Easter joy after the somber Lent

My Auntie Rosie posted spectacular pictures of her garden on Facebook.  Staggering beauty – flowers in full bloom, some bushes profusely crowding her garden fence, others just primmed on pots strategically placed to draw imminent admiration.  With her permission, I show a few of her pictures on this blog mainly because they make me think of Easter joy.  Gazing at them brings back memories of past glorious Easter celebrations. A few, I share here.  I cling to those memories because they give such warm joyous feelings, unmistakably reeking with sweet nostalgia.

But this week is still Lent. Sobered by the thought that the son of God, both human and divine, sacrificed and died on the cross to redeem us back for God’s kingdom.  To commemorate Lent, we enter into self-examination, a spiritual discipline aimed at humbly coming before the Lord, preparing our hearts as we meditate on the Father’s unconditional love, sending his only son, Jesus, to come down to earth and bear the burden of our sins for our redemption.  A time to bow before God, confessing our iniquities and shortcomings while trusting in His unfathomable forgiveness and compassion.  A time to take stock of our priorities and align them with the purpose given us by the almighty Father, cognizant of where our treasures lie, treasures that truly matter and count for eternity.

We dwell in all humility of spirit and contemplate the boundless mercy of God.  Before jumping to Easter joy – we need to remember what transpired before Jesus’ resurrection, the depth of His excruciating pain and agony, and ultimately his most humiliating death on a tree — in the culture of that time, the most despicable way of making a man die – and all that, because He loves us so much.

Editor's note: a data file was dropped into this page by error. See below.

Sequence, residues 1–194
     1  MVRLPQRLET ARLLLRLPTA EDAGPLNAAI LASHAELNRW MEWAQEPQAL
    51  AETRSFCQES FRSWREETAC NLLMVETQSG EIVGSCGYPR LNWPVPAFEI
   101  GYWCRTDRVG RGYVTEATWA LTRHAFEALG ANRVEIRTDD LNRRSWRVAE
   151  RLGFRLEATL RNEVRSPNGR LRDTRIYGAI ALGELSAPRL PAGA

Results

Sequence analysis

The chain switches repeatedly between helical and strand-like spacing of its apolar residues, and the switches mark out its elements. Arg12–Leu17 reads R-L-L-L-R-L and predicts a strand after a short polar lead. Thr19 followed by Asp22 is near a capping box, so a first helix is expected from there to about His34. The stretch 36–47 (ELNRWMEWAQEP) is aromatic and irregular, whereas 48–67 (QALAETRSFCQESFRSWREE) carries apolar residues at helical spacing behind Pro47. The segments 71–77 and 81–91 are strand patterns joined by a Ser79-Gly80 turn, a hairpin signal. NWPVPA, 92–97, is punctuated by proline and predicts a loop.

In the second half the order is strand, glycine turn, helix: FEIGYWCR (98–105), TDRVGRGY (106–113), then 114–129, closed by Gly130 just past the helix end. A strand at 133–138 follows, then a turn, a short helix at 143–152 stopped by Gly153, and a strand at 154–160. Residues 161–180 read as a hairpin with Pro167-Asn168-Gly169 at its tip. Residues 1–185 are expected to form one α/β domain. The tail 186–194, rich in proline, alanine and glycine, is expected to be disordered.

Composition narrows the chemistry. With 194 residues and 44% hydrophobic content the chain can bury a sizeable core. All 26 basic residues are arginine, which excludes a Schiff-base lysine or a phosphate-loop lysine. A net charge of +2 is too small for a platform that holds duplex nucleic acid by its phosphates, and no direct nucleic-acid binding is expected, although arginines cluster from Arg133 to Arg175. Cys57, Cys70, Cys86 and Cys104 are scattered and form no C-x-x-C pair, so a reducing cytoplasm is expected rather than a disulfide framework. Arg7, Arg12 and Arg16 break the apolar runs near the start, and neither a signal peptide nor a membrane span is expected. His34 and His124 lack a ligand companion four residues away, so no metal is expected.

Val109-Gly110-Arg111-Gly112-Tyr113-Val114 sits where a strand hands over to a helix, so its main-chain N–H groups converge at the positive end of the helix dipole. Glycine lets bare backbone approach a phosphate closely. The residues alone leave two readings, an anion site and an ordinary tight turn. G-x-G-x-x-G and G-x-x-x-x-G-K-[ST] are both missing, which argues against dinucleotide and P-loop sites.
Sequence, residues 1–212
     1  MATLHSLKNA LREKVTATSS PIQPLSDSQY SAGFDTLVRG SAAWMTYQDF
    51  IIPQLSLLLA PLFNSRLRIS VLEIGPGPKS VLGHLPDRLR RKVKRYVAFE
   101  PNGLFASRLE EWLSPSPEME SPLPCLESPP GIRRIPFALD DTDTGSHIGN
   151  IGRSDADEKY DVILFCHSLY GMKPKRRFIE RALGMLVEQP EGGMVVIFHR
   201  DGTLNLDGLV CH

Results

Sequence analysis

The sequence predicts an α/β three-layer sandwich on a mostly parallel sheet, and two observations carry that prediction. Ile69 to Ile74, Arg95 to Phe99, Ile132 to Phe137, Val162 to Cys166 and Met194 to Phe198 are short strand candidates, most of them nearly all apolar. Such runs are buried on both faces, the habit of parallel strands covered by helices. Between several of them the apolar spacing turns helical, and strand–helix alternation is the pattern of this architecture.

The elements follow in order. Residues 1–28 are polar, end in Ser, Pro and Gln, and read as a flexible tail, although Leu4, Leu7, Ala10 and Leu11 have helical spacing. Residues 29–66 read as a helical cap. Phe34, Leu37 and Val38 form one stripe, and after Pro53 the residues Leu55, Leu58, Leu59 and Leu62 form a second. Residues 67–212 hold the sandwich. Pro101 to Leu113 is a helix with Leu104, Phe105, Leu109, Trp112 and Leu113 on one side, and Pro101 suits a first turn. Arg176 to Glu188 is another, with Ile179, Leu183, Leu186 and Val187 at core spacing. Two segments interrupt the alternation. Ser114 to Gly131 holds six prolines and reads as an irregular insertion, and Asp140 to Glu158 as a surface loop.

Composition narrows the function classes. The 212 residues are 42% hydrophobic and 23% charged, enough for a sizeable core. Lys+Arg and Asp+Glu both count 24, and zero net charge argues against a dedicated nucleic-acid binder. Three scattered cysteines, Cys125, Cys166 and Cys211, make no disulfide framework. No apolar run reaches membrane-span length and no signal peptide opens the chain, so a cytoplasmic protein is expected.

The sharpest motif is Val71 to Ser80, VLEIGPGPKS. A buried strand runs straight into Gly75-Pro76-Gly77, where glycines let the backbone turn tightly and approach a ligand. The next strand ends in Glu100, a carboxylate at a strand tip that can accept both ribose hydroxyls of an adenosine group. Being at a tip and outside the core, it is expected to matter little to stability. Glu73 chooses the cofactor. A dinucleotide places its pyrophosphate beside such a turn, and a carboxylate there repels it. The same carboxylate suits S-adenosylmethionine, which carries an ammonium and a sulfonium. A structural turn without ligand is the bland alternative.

But the dawn of a new day is near, and we look eagerly to celebrating the fact that the King is alive!

Lovely pictures trigger memories of glorious Easter celebrations (Photos by Rose Manuel Cruz)

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Dancing away the voodoos of side effects – silly but maybe true

Funny that people are curious how COVID vaccines pan out.  This interest is peaked by numerous reports circulated on media outlets and social platforms.  They tend to prompt fear.  That’s normal in the “new norm.”  I was anxious, too.  Though fully cognizant that negative reports claim just a miniscule fraction of the total results, still, I entertained a nudge of doubt myself.  Admittedly, I had a pinch of anxiety, but I’m much relieved that my second Pfizer vaccine shot was administered a few days ago.  Now, family and friends inquire into my wellbeing after the second dose.  There seems to be a veiled quasi-obligation to satisfy the third degree from concerned family and friends.

However, before sharing my all-too-familiar vaccine narrative, I would like to offer my gratitude and compliments to the myriads of health care workers, employed and volunteers, who make the tedious process of vaccinating the public a very organized and well managed “event” – so efficient and smooth running.  I’m certain that everyone vaccinated appreciated the 15 to 30 minute rest soon after the shot, to be observed, while in the facility, for any immediate possibly adverse reaction.  That’s how it was for my first and second COVID vaccines.